Puerto Ricans have been immigrating to the U.S. for generations. Yet many mainlanders know little about this Caribbean island. For example, in 2017, in the aftermath of Hurricane Maria, some Americans seemed surprised to learn that Puerto Ricans are U.S. citizens.
Pittsburgh-based author Marisel Vera says she wrote her new novel, “The Taste of Sugar” (Liveright Publishing Corporation), to illuminate Puerto Rico’s history and people. The novel tracks a Puerto Rican farming family from the late 1800s into the early 20th century, when they join an exodus of their countrymen to work on sugar plantations in a pre-statehood Hawaii. The novel is getting national attention, and has drawn positive reviews in publications including The New Yorker and the Washington Post, whose reviewer called it “a masterful work of historical fiction.”
Vera was born to Puerto Rican immigrants and grew up in Chicago. Like many first-generation kids, she felt herself between two worlds: Too “American” for her parents, too “Puerto Rican” for some Americans. She began exploring her heritage through fiction in her first novel, “If I Bring You Roses,” which depicts characters who, like her parents, came to the U.S. in the 1950s. While researching that novel, she stumbled across the fact that in just a few years, starting in 1900, some 5,000 Puerto Ricans emigrated thousands of miles to Hawaii. “And I'm like, ‘Oh my God, did they ever get to go back home?’” she said.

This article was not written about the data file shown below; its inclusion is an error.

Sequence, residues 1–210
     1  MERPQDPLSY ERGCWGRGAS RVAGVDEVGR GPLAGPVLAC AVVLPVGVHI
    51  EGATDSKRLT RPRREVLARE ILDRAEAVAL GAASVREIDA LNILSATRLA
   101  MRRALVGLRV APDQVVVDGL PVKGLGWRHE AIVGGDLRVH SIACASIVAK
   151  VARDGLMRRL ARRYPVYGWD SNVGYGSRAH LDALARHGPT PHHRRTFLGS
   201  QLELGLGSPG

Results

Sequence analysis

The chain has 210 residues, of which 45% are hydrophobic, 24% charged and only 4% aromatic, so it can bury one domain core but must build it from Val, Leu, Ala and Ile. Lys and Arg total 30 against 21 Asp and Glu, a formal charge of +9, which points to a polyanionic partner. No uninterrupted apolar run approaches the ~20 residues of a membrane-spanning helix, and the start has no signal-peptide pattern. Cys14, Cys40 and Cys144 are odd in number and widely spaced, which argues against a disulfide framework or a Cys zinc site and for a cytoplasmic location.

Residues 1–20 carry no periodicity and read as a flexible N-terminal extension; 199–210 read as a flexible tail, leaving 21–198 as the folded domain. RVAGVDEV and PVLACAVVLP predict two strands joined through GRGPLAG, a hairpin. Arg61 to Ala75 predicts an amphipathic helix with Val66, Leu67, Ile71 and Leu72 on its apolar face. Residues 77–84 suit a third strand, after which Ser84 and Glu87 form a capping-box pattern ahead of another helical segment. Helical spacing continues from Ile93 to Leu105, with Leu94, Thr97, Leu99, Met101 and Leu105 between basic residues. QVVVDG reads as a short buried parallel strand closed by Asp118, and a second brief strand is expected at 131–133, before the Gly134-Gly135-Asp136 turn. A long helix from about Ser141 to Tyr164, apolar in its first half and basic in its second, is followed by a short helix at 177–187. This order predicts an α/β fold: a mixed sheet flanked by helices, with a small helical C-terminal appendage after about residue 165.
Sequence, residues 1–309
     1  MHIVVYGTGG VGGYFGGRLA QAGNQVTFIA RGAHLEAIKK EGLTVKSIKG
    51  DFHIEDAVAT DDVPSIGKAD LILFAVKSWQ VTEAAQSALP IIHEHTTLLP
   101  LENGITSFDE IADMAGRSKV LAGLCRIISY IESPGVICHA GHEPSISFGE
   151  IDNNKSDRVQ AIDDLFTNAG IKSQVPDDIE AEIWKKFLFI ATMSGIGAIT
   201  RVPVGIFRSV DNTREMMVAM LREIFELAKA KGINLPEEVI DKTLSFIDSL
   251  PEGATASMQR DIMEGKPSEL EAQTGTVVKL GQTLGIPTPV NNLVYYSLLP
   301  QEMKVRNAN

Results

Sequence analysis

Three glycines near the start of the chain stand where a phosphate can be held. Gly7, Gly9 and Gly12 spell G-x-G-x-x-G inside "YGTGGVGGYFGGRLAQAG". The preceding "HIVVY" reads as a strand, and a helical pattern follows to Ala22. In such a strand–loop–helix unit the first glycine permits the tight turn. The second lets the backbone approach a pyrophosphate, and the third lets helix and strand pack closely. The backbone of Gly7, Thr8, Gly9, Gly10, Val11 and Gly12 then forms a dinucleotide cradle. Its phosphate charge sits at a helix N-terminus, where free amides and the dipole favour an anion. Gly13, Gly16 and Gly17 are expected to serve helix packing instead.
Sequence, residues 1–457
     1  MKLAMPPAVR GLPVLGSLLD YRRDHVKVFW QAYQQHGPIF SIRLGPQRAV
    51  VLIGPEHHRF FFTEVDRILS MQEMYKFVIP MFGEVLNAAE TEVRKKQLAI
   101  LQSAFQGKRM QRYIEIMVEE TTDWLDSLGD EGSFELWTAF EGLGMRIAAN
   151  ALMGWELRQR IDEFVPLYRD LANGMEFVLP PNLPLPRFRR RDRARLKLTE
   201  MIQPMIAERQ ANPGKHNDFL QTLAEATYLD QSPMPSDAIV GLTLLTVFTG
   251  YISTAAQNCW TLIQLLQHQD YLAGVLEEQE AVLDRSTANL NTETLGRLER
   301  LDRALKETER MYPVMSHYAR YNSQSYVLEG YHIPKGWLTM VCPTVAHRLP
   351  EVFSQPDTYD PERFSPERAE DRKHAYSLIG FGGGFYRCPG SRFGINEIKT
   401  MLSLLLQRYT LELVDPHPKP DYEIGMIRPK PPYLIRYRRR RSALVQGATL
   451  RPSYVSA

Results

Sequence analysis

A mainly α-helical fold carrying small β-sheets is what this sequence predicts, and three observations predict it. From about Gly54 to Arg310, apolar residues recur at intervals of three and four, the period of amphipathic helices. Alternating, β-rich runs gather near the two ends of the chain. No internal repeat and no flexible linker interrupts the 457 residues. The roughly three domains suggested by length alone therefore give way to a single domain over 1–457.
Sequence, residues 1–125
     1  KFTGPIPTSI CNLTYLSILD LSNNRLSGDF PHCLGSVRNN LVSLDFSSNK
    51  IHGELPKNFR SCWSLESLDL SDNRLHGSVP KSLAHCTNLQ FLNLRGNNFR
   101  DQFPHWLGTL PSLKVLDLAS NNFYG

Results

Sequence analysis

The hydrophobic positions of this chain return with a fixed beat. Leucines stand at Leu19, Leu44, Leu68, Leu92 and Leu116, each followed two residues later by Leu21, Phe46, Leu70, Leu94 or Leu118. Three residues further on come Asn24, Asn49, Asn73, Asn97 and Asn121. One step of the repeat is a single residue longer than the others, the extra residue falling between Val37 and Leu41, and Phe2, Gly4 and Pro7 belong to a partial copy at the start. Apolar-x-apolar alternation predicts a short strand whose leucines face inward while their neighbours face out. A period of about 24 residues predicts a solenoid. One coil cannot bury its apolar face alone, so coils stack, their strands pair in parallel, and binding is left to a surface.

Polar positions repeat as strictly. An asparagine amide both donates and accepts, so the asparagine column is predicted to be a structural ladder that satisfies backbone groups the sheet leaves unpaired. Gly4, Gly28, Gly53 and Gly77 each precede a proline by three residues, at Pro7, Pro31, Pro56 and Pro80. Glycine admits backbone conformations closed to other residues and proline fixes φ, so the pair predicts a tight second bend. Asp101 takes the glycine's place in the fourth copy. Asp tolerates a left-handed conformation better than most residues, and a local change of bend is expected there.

In “Taste of Sugar,” the stories of fictional protagonists Vicente and Valentina Vega play out against a complex historical tableau that incorporates the volatile economics of the coffee-growing industry, the 1898 U.S. invasion, and a massive 1899 hurricane.
Coffee, in fact, is sort of its own character in the book: The look and feel of the bean, and the flavor of the brew, are among the novel's sensory touchstones, and the titular "sugar" references the nuanced taste of a good coffee as much as it does cane. But Puerto Rican coffee, once prized internationally, met its match in changing tastes, markets, and imperial politics. That’s a key reason Vicente, a small-scale coffee farmer, and city girl Valentina are among those who leave their homeland for Hawaii.
That things don’t work out as planned comes as no surprise in the novel. Vera emphasizes the era’s economic injustices: As “Taste of Sugar” begins, slavery is only a generation gone in Puerto Rico, and racism, hunger, and the repression of laborers are rampant. Even Puerto Ricans who sought a better life in Hawaii “were sort of like indentured servants,” says Vera. “They were promised that in Hawaii they would have great health care, they would have these nice places to live, a decent wage, and that their children would be the children will be able to get an education. And it just depended on where the Puerto Ricans landed on whatever plantation.”
Puerto Rico, of course, has changed greatly since it was a Spanish colony, and even since it became a U.S. “commonwealth” after World War II. But Vera said it’s still effectively a colony. “You can't set your own laws for your own people. And you have to wait for the federal government to approve everything that you do,” she said. “Puerto Rico is a nation, its own nation, with its own language and its own culture and its own people. It's not just a tourist attraction.”